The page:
The management of diabetes with diet has been well understood for a long time. As a result, diabetic nutrition education has been standardized and refined so that it is easily understood by patients, and their families as well as the medical community. This is the basis for the diabetic Food Exchange System.
As a dietitic assistant working in a hospital during college, I was required to be extremely precise in the serving for the diabetic patients. All meat portions were weighted to ensure that they conformed to the theraputic diet requirements.
I was introduced to the system of food exchanges. Unlike the USDA and Health Canada food guidelines, the exchange system is very precise. An exchange for each of the food groups – milk, fruit, vegetable, bread, meat (lean, medium-fat, high-fat), fat has specific values for macronutrients – carbohydrates, protein, fat and calories. For example a bread exchange is 15 grams carbohydrate, 2 grams protein, 0 grams fat and 68 calories.
This changes the notion of “counting” servings. The quatity of a particular food is measured to determine the number of exchanges. While a single serving of “bread” can contain 80-180 calories as determined from product package nutrition data, the diabetic exchanges would count that as 1 to 3 bread exchanges respectively.
For a diabetic receiving insulin, it is essential to control food intake at this level. For the rest of us trying to do the right thing and follow the USDA recommendations, we can be mislead into consuming too much food in an effort meet the suggested number of serviing for all food groups. By adopting the diabetic food exchange system, following a much healthier diet is likely to result. You don’t have to be a diabetic to take advantage of this clear and precise system for managing healthy eating.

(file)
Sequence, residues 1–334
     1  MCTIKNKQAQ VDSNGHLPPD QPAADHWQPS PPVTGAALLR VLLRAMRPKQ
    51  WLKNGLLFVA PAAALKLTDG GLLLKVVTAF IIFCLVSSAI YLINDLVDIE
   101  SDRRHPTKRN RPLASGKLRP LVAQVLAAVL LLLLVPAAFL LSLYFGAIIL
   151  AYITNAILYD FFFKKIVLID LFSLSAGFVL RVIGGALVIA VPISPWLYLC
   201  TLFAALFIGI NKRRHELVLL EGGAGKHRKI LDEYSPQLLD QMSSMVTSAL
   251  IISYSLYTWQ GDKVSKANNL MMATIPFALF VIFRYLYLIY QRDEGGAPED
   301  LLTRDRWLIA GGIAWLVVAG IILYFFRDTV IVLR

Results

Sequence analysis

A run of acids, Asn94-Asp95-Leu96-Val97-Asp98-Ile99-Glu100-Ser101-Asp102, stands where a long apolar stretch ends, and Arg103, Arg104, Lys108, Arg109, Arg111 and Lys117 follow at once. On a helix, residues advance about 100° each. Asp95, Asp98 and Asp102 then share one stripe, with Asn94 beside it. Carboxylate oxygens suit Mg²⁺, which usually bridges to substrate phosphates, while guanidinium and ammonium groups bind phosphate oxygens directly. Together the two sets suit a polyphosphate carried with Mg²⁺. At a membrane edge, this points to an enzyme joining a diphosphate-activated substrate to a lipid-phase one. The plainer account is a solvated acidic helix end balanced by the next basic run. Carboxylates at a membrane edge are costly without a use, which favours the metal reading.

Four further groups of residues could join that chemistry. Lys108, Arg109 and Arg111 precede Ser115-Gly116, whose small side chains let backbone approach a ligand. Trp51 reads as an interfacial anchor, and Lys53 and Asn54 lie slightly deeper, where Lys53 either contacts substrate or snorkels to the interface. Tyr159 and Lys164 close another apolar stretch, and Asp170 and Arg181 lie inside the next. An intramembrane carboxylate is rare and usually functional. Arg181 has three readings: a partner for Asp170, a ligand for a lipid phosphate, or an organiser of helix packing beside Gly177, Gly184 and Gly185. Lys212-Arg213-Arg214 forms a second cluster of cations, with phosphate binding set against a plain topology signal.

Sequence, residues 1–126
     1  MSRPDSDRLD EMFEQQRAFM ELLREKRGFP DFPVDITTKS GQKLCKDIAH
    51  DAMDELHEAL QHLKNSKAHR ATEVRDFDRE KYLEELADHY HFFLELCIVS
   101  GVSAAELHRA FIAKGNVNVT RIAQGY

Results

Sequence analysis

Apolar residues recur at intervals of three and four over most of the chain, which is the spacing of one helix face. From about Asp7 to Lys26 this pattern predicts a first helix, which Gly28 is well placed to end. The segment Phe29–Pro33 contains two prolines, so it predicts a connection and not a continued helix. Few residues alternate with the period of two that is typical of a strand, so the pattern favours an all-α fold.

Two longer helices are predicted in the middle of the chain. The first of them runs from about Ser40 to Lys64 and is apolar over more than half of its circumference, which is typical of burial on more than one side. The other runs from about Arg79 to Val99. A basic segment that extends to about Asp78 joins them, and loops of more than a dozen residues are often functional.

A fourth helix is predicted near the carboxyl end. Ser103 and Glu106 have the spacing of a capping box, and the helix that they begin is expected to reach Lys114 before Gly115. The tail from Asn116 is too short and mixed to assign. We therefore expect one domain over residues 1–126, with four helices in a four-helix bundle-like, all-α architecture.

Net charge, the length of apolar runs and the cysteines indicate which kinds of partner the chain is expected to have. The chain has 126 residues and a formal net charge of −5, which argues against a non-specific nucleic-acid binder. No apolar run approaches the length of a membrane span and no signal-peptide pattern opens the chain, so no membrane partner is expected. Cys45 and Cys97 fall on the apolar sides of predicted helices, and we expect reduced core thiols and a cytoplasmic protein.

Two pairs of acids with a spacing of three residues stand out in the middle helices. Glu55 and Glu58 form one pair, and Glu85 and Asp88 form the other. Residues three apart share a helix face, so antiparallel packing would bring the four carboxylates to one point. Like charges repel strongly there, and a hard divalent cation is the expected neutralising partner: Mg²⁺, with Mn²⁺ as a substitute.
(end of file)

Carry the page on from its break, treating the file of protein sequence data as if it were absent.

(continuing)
Diabetes mellitus is a metabolic disorder, specifically affecting carbohydrate metabolism. It is a disease characterized by persistent hyperglycemia (high glucose blood sugar). It is a metabolic disease that requires medical diagnosis, treatment and lifestyle changes.
The World Health Organization recognizes three main forms of diabetes: type 1, type 2 and gestational diabetes (or type 3, occurring during pregnancy), although these three “types” of diabetes are more accurately considered patterns of pancreatic failure rather than single diseases. Type 1 is generally due to autoimmune destruction of the insulin-producing cells, while type 2 and gestational diabetes are due to insulin resistance by tissues. Type 2 may progress to destruction of the insulin-producing cells of the pancreas, but is still considered Type 2, even though insulin administration may be required.
American Diabetes Association
Canadian Diabetes Association
Diabetes Resources in Alternative Medicine
– If you have Type II diabetes, this site may help you overcome it. (It is not for those with Type I diabetes.)